Early warning as defined by Jonathan Whittall denotes initiatives that focus on systematic data collection, analysis and/or formulation of recommendations, including risk assessment and information sharing. The purpose is to initiate or draw an early response that happens at the latent stages of an anticipated violent conflict, with an aim of averting, lessening, resolving, or changing circumstances that may increase the likelihood of violent conflict breaking out. The workshop covered some of the most crucial activities in the course of early warning; information gathering and verification, analysis, mapping and monitoring, and estimation of risks, informing, advocacy, monitoring, and evaluation. The aim of this workshop was: to enhance the capacity of government officials on Conflict Early Warning and Early Response Skills as an approach to conflict prevention.
The workshop facilitated by SCCRR staff; Dr. Peterlinus Odote, Paulson Erot, MA, and Cyprian Nyakundi, MA candidate, was attended by 53 senior national and county governments officials, including the police and public service officers. At the end of the workshop, the participants were able to comprehend the whole space of Conflict Early Warning and Early Response Systems with a view of applying the concept to improve security in Turkana County. The participants were empowered to identify conflict early warning indicators and also design conflict early warning systems applicable to their operational context.
SCCRR is widely known in the Horn of Africa to be an important results based organization in peacebuilding. It is recognized for its important role in transforming violence to peace, and in facilitating the conditions necessary for a sustainable human security and development. SCCRR’s expertise and role in conflict-affected regions has been highly commended. The latest indication is the Turkana County commander`s statement (January, 2019) highlighting the comparative advantage of SCCRR in facilitating the workshop for the police and county government officials: “SCCRR offers a new way of conceptualizing the way communities can develop in order to sustain peace or to recover from conflict. The work of the police has too often been responding to violence outbreak or the threat of violence. SCCRR derived the Positive Peace scheme of responding to the lack of prevailing guidelines our county could use in our journey towards meeting peace. SCCRR`s training on conflict early warning and early response puts forward the framework for timely response to prevent the use of bullets by addressing the root causes of conflict that create and sustain peaceful societies,” (Mr. Nthiga (inset) Turkana County Police Commander during closing ceremony).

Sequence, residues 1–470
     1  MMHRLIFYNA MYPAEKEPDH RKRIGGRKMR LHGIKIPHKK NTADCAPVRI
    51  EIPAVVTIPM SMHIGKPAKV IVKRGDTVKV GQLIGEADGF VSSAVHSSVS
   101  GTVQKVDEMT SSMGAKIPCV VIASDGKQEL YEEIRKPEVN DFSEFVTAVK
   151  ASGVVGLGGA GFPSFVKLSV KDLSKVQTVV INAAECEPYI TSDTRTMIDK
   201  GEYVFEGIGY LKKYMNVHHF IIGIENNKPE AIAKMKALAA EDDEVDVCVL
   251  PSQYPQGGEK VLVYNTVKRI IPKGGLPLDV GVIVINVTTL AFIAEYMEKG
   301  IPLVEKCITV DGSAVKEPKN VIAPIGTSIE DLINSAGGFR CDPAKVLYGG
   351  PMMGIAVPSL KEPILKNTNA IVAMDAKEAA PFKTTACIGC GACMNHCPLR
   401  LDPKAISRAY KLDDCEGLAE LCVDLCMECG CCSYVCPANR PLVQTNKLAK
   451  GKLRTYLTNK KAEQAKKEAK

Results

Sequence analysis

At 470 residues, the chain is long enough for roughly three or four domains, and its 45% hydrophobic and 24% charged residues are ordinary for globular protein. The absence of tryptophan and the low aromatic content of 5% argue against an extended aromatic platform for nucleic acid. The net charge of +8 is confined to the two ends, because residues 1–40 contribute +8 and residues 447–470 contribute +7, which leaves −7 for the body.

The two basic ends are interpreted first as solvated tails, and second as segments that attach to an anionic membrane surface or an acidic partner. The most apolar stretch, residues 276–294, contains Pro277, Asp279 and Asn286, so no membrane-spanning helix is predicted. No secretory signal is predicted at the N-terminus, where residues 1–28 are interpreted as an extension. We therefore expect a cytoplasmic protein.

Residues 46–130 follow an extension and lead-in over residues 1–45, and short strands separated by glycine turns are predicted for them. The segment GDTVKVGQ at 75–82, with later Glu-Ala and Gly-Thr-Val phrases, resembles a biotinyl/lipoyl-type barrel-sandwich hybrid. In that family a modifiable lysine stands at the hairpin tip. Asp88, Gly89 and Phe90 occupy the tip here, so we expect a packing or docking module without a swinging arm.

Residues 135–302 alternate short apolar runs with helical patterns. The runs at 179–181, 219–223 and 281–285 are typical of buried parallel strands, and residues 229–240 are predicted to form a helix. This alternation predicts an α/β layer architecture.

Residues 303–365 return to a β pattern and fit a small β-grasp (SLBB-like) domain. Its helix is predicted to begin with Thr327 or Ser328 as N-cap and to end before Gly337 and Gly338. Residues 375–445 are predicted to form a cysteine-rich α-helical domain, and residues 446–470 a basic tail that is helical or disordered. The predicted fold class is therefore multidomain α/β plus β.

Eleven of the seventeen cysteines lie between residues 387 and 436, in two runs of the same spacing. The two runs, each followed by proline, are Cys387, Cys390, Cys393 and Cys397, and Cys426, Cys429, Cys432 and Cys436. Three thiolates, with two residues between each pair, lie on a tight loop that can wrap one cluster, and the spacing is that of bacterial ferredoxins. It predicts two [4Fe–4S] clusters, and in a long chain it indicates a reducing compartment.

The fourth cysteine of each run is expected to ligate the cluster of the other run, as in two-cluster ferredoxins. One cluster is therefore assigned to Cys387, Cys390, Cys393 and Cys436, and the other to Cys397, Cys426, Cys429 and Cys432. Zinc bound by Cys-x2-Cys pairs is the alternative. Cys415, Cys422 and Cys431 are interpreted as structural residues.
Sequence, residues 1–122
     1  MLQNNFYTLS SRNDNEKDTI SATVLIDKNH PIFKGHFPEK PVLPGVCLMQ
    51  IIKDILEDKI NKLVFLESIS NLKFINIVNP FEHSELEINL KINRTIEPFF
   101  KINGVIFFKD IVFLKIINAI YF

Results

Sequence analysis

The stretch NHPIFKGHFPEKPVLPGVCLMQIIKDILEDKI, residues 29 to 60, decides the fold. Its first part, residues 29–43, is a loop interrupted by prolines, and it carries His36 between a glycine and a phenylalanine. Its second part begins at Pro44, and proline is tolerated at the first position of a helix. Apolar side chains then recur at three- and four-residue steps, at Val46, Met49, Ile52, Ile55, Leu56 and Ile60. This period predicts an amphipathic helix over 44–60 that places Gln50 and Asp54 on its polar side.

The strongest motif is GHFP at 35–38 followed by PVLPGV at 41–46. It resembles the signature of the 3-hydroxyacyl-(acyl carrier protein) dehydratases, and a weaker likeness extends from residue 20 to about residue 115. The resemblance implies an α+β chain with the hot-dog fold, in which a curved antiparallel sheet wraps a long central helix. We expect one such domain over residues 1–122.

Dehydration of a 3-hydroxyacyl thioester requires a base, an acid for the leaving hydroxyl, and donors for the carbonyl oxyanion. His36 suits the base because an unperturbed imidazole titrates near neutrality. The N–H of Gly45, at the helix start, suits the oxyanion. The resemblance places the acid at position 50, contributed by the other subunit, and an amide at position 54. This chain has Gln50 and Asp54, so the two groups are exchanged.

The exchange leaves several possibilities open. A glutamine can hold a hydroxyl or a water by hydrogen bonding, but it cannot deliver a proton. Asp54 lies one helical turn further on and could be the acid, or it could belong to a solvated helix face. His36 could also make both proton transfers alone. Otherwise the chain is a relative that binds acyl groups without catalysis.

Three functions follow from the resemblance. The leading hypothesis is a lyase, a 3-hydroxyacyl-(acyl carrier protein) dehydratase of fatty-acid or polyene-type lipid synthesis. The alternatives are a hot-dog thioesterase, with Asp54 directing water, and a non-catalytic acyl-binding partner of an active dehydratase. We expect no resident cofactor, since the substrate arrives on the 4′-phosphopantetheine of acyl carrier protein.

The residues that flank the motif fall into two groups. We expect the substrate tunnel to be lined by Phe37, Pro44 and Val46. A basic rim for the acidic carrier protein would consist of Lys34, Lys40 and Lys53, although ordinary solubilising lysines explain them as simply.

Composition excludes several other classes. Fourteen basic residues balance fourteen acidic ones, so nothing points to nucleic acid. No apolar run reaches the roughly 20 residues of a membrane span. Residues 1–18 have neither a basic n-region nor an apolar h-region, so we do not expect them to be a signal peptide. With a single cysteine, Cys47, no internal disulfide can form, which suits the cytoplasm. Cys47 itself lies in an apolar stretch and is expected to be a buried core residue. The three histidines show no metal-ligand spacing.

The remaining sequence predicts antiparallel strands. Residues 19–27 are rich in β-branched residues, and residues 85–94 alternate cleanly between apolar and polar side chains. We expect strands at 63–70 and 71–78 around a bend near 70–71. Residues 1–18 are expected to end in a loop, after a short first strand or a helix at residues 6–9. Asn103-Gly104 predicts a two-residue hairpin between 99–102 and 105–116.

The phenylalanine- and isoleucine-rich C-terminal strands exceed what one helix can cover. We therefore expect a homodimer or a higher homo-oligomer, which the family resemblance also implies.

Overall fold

Important lessons learned by the participants include the multi-dimensional nature of peacebuilding, the inter-dependence of its different parts, and the wide range of different expertise and activities that are possible to mitigate violence. It has been learned that sustainable peace and development must be responsive to the root causes of conflict. There is recognition of a major need for coordination within and between all conflict transformation actors. Recommendations to correct the strategic deficit fall under four headings – empirical research, capacity building, policy priority, and evaluation. The past has to acknowledged, the present reframed and a realistic future envisioned. SCCRR hopes that the knowledge gained from this workshop will be of value not only to the participants, to the Turkana community who live in a very volatile area and to governments and other peacebuilding actors working in the region. SCCRR was thanked for making its unique and distinctive contributions to peace and development. “To our DONORS and fundraising efforts, you continue to make a life-changing contribution again.”
Peterlinus Ouma Odote, Ph.D
Director of National Strategy, Shalom Center for Conflict Resolution and Reconciliation (SCCRR)